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Data Handling. Topic 1. Data. Data is the raw material entered into a computer system. This raw material could be text, numbers, graphics, audio, animation or video It is unorganised facts that mean little by themselves Eg : 1 Year

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slide2
Data
  • Data is the raw material entered into a computer system.
  • This raw material could be text, numbers, graphics, audio, animation or video
  • It is unorganised facts that mean little by themselves
            • Eg:
                  • 1
                  • Year
  • Trivial fact: datum=single item of datadata* = plural of datum

*[commonly used and is accepted as both the singular and plural forms of the word]

information
Information
  • When data is given a structure and put into context it becomes information
    • aword processed document that we can read and understand
    • A computer interprets and executes instructions to process the data into information
    • Eg:
        • Today + will + be + temperature + hot + a + 32 + day + a + with + degrees + of
        • Today will be a hot day with a temperature of 32 degrees
slide4

Classifying data as information is not always clear and absolute.

  • What is information to one person may be data to another person.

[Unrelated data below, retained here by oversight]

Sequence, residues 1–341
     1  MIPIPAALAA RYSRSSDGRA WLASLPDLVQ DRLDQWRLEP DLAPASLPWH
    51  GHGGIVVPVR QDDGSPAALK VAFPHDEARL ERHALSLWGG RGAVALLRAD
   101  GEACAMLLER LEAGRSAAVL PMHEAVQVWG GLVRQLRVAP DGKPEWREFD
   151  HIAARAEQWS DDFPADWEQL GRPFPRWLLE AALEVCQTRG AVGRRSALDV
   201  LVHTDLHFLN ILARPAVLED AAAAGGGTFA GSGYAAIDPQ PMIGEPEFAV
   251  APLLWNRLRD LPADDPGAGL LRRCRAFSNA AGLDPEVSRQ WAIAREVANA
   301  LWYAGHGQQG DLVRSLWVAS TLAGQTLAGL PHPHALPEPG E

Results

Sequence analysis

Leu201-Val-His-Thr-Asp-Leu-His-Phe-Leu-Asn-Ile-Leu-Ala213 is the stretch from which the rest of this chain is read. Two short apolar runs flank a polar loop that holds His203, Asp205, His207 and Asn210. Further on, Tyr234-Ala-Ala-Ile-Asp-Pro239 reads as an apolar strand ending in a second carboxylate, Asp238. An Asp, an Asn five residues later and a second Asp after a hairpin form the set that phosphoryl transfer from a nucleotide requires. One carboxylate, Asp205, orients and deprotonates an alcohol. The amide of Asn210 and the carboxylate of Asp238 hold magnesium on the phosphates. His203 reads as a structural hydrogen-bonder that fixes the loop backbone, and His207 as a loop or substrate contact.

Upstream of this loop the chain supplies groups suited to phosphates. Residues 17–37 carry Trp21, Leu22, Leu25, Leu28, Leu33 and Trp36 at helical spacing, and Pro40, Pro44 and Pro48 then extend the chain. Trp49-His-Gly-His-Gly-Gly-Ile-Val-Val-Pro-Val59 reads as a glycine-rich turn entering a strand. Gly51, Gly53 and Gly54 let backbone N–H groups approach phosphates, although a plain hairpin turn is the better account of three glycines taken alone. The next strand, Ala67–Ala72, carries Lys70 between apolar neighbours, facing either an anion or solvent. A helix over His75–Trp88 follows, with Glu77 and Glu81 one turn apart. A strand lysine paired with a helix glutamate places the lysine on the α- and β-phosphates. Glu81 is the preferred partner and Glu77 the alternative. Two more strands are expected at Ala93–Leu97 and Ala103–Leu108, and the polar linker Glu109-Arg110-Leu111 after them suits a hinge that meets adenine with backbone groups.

• Information is a vital tool.
  • Organisations cannot exist without it’s data/information.
    • ‘the more information the better’ – only if the information is suitable, accurate, timely and reliable
analog
Analog
  • Analog data is represented by using continuous signals [wave form] that vary in strength and quality.
    • Eg: an analog clockBecause the movement is continuous, a measurement may be taken at any time.
    • Eg: Human speechPeople combine words into sentences which are continuous
digital
Digital
  • Computers are digital
  • They recognize two states: off and on
  • Digital data is represented using discreet measurements in the form of digits/numbers – 0 & 1
  • The two digits [0 & 1] represent these two states
    • 0 represents the electronic state of off
    • 1 represents the electronic state of on
  • Eg: a digital clock Shows the time as a certain number of hours and minutes. Time does not change continuously, but in a series of steps, jumping from second to second and minute to minute.
binary
Binary
  • A digit is a single place that can hold numerical values between 0 and 9 - base-10 number system – known as decimal number system.
  • Computers happen to operate using the base-2 number system, also known as the binary number system.
  • Why base-2?Because it makes it a lot easier to perform with current electronic technology.
binary1
Binary
  • Technology uses a binary system that has just two unique digits – 0 & 1
  • Each digit is called a bit (Binary digIT)
  • A bit is the smallest unit of data that a computer can process
  • On it’s own a bit is not very informative
  • When 8 bits are grouped together as a unit, they form a byte.
  • A byte provides enough different combinationsof 0s and 1s to represent 256 individualcharacters.
binary2
Binary
  • How do you figure out what the value of a binary number is? You do it in the same way you would for a decimal number, but you use a base of 2 instead of a base of 10.
  • Decimal [6,357]:
    • (6 * 10^3) + (3 * 10^2) + (5 * 10^1) + (7 * 10^0) = 6000 + 300 + 50 + 7 = 6357
  • Binary number [11]:
    • (1 * 2^3) + (0 * 2^2) + (1 * 2^1) + (1 * 2^0) = 8 + 0 + 2 + 1 = 11